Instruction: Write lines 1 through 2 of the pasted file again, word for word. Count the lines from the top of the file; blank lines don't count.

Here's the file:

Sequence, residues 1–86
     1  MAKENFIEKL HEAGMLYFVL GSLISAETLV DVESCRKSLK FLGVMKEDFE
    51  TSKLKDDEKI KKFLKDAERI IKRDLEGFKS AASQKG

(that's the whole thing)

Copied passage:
Sequence, residues 1–86
     1  MAKENFIEKL HEAGMLYFVL GSLISAETLV DVESCRKSLK FLGVMKEDFE